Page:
Hey, it sounds like a great job so far, but…. Do I want to join this company? As we say at JWT INSIDE, “People join cultures, not companies.” Feel free to talk about the culture in positive yet realistic terms. Again, what is the company’s contribution to the society, its larger purpose that this prospect may want to be part of? What is the mood or ‘spirit’ of the company? Not every culture is right for every prospect, and you don’t want someone taking a job they love in a company hate. Here is a good place to avoid the easy clichés: “It’s fast-paced” or “A dynamic environment”. Instead, go with how the people in your organization describe it when not writing an ad. Infographics, facebook page news feeds in a right hand rail and other content can be programmed in to your ‘smart’ job description. (We understand that a job requisition is, in many respects, a compliance document, and you may not be able to get all of this information into the actual job description. But…that does not preclude you from including this type of information on the individual job details page.)

Am I qualified for this job? Applying for jobs and reviewing the applications takes time, so you want to make sure you and your prospect are right for each other just in a functional way – the task list. You will have to include the job’s main activities and requirements; just make sure you put in enough information for prospects to see if they’re reasonably qualified but avoid excruciating detail. For example, if you’re writing a nursing ad, remember that nurses know what nurses do, so don’t waste words on the obvious, but talk about your role specifically. And, as noted above, employee-generated content from the people who are actually in the company, and better yet, even in the specific department, can be generated easily and included in a job details page. It provided the additional value of not only “Am I qualified for this jobs?”, but also “Does this company/department feel like the right fit for me?”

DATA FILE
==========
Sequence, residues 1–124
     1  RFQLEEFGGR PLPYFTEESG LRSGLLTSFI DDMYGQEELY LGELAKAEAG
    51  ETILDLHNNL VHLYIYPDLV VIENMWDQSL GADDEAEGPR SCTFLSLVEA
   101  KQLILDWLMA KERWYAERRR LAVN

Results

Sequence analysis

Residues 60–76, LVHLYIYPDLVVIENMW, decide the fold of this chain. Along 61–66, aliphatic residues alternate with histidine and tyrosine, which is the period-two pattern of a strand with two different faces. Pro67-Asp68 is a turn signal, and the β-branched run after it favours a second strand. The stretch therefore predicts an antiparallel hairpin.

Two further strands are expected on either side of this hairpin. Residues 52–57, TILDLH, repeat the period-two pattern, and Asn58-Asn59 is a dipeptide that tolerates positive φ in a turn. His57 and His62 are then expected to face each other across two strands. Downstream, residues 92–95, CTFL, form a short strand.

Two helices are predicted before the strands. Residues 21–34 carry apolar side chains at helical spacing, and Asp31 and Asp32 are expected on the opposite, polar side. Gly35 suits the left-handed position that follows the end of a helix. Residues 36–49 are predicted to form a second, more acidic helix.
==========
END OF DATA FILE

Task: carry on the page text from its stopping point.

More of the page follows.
There are a variety of technologies available today which allow videos, widgets and content to be easily added to individual pages to provide a fuller picture for what, realistically, is one of the biggest decisions people make in their lives and you make for your company. Remember, a good, smart description is about the reader as much as it is about the employer, and it answers the prospect’s questions before they have to be asked. How is your company making your job descriptions smart? Let us know.

JWT INSIDE is a strategic creative agency that employs analytic technology to help companies attract and communicate with top talent. To learn about the many ways we can help your organization maximize its recruitment efforts, email us at conversations@jwt.com.

As a thirty-year recruitment advertising industry veteran, Doug has extensive experience and an in-depth knowledge of every aspect of HR strategy development, creative development, communications planning, online sourcing, internal communications, business process improvement, and talent acquisition process analysis and statistical tracking. His years of experience and business background, combined with his in-depth knowledge of the HR arena and training in Six Sigma quality process, led him to a unique position within JWT INSIDE as Director of Technology Products.